Most academic research on video games studies them as single player experiences – a single individual, alone in a room with a game console. Study on massively multiplayer online games (MMOGs) is also growing. However, much (and perhaps most) video game play in the modern day is multiplayer in a smaller setting: or at home in front of a Kinect or a Wii with two or three friends. Surprisingly little research has examined this context.
In a recent issue of Cyberpsychology, Behavior and Social Newtorking, Peng and Crouse compared enjoyment, future play motivation and physical intensity on XBOX 360 game Kinect Adventures between single player, cooperative multiplayer and competitive multiplayer modes, finding that competitive multiplayer provided the greatest enjoyment, motivation to play in the future, and physical activity.
The highly physical core game mechanic is best described by the authors:
This game utilized the Kinect motion camera, and the players used their own bodies as the controller to pop soap bubbles that floated between holes on the walls, floors, and ceilings of a virtual zero-gravity room by moving forward, backward, left, and right and waving their arms.
These three conditions were more complex than they appear:
- In the single player condition, participants played alone, twice. In this way, they were competing with their pre-test score.
- In the cooperative mutliplayer condition, participants brought a friend. After individual pre-tests, the two participants next played the game with each other (they were physically active in the same space simultaneously and their scores were combined).
- In the competitive multiplayer condition, participants brought a friend. After individual pre-tests, the two participants then played the game separately (in different rooms) and were told what their friend’s previous high score was on the pre-test.
After the game, participants completed the focal measures. Enjoyment was assessed with a 7-item scale asking them to rate the game on seven adjectives (including “boring,” “entertaining,” and “interesting”). Future play intention was rated on a 3-item scale asking questions like, “Given the chance, I would play this game in my free time.” Physical activity was captured with an accelerometer attached to each player.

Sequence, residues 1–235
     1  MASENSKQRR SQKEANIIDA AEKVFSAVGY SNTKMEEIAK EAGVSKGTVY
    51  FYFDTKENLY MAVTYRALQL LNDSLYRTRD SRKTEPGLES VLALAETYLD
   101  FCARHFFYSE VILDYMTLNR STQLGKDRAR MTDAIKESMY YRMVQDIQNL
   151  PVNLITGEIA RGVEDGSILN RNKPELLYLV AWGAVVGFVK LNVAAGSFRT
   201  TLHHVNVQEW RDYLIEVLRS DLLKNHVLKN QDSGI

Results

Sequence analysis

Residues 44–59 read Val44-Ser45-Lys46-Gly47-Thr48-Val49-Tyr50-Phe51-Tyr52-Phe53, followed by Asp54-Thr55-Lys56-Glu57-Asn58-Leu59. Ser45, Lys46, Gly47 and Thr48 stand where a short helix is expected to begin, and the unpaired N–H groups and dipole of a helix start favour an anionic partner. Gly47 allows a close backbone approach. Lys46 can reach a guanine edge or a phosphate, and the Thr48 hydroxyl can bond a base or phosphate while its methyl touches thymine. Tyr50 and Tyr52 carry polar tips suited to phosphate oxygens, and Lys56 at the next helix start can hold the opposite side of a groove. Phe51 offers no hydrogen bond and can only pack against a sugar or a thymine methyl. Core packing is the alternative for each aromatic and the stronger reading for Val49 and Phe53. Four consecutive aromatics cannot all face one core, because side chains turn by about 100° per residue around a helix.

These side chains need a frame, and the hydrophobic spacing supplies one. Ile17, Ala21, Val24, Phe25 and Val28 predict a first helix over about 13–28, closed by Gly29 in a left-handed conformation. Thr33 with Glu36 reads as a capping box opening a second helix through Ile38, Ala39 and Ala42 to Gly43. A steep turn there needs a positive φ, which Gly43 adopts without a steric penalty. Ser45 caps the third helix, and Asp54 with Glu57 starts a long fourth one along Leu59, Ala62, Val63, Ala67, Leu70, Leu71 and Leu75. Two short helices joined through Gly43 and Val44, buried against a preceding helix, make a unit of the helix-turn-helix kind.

162 students participated in the study; however, this seems to include the friend counts. Sample sizes were 26 for single player, 74 for cooperative play and 52 for competitive play. Given that their analytic strategy was a simple ANOVA, it does not seem that the researchers appropriately controlled for covariance between friend pairs – a better strategy would have been to have not included the “friend” in analysis, however this would have dropped their apparent (although misleading) reported sample size.
Based upon the reported ANOVA, several were statistically significant. Single player enjoyment was lower than cooperative and competitive multiplayer modes. Future play motivation after playing alone was lower than both cooperative and competitive mutliplayer modes. For physical activity, the relationship was more complicated. In this case, the single player and cooperative mutliplayer modes resulted in greater physical activity than the competitive multiplayer.
The authors did not depict these relationship graphically (always graph your results!), so I did:
Although the affects appear pretty substantial in terms of effect size (for example, from 3.99 to 5.22 for enjoyment, about 0.8 standard deviations), it’s hard to say how much the double-sample for the two multiplayer modes inflated the F-statistics (and thus statistical significance) of the results. So I am not 100% confident in the researchers’ interpretation of these data, but I am cautiously optimistic that these results would hold up with appropriate consideration of dependence.
In the context of education and training, this has some critical implications: play with others seems preferable to play alone. While this might seem intuitive, we too often build serious games and gamification efforts where people compete against themselves (e.g. high scores, or some instructor-set target goal level). Adding some coworkers or fellow students to the mix might just improve those efforts.Footnotes: